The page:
When it comes to database access in software development, the choice between using an ORM (Object-Relational Mapping) and raw SQL is not a matter of which is universally better, but rather which is more suitable for a given context. ORMs offer a high-level, abstracted way to interact with databases, making code more readable and reducing the amount of boilerplate code. However, they can sometimes obscure complex queries and impact performance. On the other hand, raw SQL gives you fine-grained control and can be more efficient for complex operations, but it can lead to more verbose and harder-to-maintain code. The best choice depends on the specific needs and goals of your project, such as the complexity of the database operations, performance requirements, and the team’s familiarity with SQL.

In Java, Hibernate is a popular ORM (Object-Relational Mapping) framework that abstracts and manages database access, making it easier to work with relational data in an object-oriented way. In the .NET ecosystem, the equivalent is Entity Framework. Entity Framework is a highly regarded ORM tool that enables .NET developers to work with a database using .NET objects, eliminating the need for most of the data-access code that developers usually need to write. It supports LINQ queries, change tracking, updates, and schema migrations, among other features.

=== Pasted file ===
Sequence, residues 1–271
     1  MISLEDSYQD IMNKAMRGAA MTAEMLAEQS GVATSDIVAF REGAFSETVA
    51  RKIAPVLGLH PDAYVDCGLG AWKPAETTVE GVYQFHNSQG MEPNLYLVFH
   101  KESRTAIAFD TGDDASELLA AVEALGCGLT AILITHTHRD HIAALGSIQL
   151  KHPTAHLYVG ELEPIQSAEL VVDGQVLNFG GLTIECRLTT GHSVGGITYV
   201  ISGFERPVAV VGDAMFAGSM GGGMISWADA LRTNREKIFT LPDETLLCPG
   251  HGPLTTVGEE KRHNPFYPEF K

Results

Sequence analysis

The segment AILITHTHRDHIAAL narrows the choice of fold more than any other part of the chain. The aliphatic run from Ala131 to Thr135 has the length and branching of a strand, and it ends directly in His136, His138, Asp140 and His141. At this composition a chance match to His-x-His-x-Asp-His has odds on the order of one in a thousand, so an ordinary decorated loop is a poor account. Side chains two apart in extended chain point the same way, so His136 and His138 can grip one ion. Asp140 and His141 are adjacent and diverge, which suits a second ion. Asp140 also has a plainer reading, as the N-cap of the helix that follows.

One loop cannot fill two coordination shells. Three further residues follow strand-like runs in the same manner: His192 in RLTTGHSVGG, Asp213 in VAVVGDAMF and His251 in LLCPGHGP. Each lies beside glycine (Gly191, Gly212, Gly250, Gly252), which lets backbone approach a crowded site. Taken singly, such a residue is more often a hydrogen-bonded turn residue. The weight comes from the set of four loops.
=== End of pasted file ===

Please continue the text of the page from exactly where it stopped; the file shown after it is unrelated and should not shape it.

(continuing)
In Rust, the ORM landscape is more nascent and less mature compared to Java and .NET. However, there are still some notable ORMs and database access libraries. Diesel is one of the more prominent ORM libraries in Rust, offering a safe, expressive API to interact with databases. It provides strong compile-time guarantees about query validity and integrates smoothly with Rust’s type system. Another option is SeaORM, which is relatively newer and focuses on being async-friendly and feature-rich.